Trial found physiotherapy is as effective as arthroscopic menisectomy for knee pain with non-obstructive meniscal tears

Summary: Arthroscopic partial meniscectomy is among the most frequently performed procedures in orthopaedic surgery. This trial is consistent with current consensus that surgery should not be first line treatment in middle-aged and older people with meniscal tears.

ESCAPE was a large (n=321) multi-site randomised controlled trial conducted in the Netherlands. Participants were aged 45 to 70 years with non-obstructive meniscal tears (ie, no locking of the knee joint). People with knee instability, severe osteoarthritis, and body mass index > 35 kg/m2 were excluded. Participants were randomised to either physiotherapy or surgery. The physiotherapy protocol consisted of 16 sessions of exercise therapy over 8 weeks focused on coordination and closed kinetic chain strengthening exercises. The primary outcome measure was patient reported knee function (the International Knee Documentation Committee Subjective Knee Form) rated on a 0-100 point scale at the 2-year follow-up.

A non-inferiority margin of 8 points was pre-specified in the trial protocol. The confidence limits for the difference between the two treatment groups did not exceed this margin, therefore the authors concluded that that exercise-based physiotherapy was not inferior to surgery for people with knee pain and non-obstructive meniscal tears. The best estimate of the effect of physiotherapy was that it is 3.6 points less effective than surgery, and at worst physiotherapy could be as much as 6.5 points less effective. This is considered a very small difference as the outcome measure uses a 100-point scale. Adverse events occurred in 18 participants in the surgery group and 12 in the physiotherapy group. Costs were not evaluated.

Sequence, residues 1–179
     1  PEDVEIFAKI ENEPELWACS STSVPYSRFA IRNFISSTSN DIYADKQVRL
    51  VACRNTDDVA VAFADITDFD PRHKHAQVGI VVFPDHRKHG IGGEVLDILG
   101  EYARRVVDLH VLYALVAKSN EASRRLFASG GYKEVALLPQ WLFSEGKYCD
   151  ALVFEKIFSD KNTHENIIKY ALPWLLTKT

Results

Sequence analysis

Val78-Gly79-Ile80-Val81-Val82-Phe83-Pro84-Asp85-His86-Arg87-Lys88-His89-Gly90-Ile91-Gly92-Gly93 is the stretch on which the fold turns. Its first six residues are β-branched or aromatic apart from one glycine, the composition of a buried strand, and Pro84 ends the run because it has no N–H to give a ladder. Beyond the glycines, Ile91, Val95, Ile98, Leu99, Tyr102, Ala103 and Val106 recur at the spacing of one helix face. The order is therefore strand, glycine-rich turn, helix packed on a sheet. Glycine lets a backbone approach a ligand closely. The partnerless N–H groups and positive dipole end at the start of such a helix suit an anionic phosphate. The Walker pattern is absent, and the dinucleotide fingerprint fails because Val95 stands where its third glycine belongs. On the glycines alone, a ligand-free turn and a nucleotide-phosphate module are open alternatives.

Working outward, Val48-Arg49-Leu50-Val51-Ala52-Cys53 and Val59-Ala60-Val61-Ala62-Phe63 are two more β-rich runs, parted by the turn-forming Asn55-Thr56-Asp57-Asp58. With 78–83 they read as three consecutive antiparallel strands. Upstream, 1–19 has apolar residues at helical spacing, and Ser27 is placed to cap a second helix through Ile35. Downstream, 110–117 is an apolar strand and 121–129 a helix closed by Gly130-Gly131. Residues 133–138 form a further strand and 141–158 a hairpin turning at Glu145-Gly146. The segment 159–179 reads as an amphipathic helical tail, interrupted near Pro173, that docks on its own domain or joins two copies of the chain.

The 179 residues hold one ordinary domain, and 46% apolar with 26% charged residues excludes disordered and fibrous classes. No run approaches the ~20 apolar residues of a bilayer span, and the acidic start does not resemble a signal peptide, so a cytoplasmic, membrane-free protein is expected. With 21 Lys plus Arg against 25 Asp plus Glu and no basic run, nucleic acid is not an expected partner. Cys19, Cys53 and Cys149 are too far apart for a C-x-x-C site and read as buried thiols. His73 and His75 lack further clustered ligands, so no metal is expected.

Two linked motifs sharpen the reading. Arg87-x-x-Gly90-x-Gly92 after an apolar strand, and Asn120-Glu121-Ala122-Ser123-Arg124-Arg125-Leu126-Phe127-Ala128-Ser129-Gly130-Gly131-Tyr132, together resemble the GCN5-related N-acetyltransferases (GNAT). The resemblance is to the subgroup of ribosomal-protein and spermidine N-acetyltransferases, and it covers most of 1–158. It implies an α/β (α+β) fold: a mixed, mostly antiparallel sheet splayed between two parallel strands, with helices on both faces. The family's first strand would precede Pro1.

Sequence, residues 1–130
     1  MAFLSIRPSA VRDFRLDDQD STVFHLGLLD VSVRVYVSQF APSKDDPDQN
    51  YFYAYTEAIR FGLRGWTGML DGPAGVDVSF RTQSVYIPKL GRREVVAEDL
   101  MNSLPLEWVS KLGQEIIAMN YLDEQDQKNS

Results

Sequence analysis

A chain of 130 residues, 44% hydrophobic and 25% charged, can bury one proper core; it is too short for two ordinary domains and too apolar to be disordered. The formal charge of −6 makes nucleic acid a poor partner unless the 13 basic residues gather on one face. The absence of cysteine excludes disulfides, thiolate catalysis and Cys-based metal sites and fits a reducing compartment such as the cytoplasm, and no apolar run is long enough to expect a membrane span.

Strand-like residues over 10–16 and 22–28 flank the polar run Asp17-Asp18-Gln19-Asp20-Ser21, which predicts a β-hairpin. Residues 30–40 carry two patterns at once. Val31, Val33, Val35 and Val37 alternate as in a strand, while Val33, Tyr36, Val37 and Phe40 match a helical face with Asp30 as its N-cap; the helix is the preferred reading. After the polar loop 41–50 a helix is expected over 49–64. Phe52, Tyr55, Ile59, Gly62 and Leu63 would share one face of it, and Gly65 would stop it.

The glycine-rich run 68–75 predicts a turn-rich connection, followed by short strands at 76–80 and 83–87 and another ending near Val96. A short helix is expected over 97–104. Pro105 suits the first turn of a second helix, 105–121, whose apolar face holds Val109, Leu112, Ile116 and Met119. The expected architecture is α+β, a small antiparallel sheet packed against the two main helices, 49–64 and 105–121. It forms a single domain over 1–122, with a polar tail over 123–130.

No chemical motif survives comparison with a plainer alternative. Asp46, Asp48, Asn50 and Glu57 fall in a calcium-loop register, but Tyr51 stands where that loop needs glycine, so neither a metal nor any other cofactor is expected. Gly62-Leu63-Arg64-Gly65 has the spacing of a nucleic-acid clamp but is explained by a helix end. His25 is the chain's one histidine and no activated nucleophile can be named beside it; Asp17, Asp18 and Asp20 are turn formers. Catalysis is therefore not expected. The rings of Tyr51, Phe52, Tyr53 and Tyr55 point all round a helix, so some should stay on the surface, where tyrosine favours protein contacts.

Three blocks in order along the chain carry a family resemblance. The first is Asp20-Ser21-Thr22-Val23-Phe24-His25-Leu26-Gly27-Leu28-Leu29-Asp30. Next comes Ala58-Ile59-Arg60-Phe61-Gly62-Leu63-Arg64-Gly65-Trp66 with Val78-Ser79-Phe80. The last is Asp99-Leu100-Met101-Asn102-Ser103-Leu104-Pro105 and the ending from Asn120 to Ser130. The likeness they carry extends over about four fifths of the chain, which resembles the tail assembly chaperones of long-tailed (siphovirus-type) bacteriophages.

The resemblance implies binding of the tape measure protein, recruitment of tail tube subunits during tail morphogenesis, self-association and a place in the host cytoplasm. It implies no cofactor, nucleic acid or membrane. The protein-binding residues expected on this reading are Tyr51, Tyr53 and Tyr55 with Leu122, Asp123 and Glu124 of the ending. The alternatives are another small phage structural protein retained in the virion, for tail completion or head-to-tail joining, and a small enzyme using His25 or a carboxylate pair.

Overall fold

29% of the physiotherapy group ended up having surgery. A secondary, ‘as treated’, analysis with these participants in a third ‘delayed arthroscopic partial menisectomy’ group, revealed outcomes similar to physiotherapy alone. Further research needs to explore why such a significant proportion of participants were not satisfied with initial non-surgical management.

Listen to Norman Swan interview Victor van de Graaf (an orthopaedic surgery resident and doctoral student from the Onze Lieve Vrouwe Gasthuis Hospital, Amsterdam who is the lead author of this trial) for ABC Radio National’s Health Report.

van de Graaf VA et al. Effect of early surgery versus physical therapy on knee function among patients with nonobstructive meniscal tears: the ESCAPE randomized clinical trial. JAMA 2018;320(13):1328-37

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